Miami-based salmon company Atlantic Sapphire is continuing to find life difficult during the first half of this year, delivering weaker than expected financial results for Q2.
The Danish-owned company, which experienced a number of technical problems earlier in the year, reported a pre-tax loss of US $51.5m (£37.6m), against a loss of $31.5m (£23m) in the same quarter last year. The loss is higher than analysts had predicted.
However, revenues more than increased fourfold from $2.5m (£1.8m) to almost $10.9m (£7.9m).
In March Atlantic Sapphire reported an incident in one of its systems at the Miami Bluehouse site which led to the loss of 500 tonnes of fish.
The company said the start to 2021 had been challenging, but it has been working hard to correct the problems which led to this loss.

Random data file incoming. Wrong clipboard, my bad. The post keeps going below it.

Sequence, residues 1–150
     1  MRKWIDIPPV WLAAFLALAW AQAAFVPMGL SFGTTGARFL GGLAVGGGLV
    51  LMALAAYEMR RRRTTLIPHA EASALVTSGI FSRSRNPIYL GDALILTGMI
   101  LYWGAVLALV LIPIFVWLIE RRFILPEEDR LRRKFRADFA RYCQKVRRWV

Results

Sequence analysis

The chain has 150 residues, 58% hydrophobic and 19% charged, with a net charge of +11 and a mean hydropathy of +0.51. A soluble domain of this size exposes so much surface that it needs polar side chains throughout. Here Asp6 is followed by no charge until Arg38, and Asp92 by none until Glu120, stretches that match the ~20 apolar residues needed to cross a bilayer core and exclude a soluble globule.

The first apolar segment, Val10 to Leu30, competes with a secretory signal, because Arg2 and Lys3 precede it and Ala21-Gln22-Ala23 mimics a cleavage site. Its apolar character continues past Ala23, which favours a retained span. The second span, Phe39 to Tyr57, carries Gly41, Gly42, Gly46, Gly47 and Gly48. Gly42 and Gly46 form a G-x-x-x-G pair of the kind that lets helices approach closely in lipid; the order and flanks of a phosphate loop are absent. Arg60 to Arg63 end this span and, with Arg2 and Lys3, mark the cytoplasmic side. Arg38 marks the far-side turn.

In order to reduce further issues Atlantic Sapphire, which has around 2,000 outlets in the US, says it has updated certain operating procedures.
The company said in a statement: “Atlantic Sapphire is continuously improving its operating procedures to ensure that all actions taken by the farm operators do not pose a risk to the stability of the systems, therefore impacting the fish.
“To minimise the risk of a similar incident reoccurring, the Group has updated certain operating procedures and such changes will take effect immediately.”
Further, the system in question had a larger standing biomass than the grow-out systems in the USA (split in two). The Denmark facility had not been split in two, because this modification was not practically possible with the farm fully stocked with fish, the company said, adding: “Now this modification is possible and will be performed, which will reduce the impact of such an event in the future.”
It says it now expects the 3,000 tonnes of harvest volume from the Miami plant can be pushed forward from the second half of this year to the first half of 2022. It is also carrying out trials to produce rainbow trout in Denmark.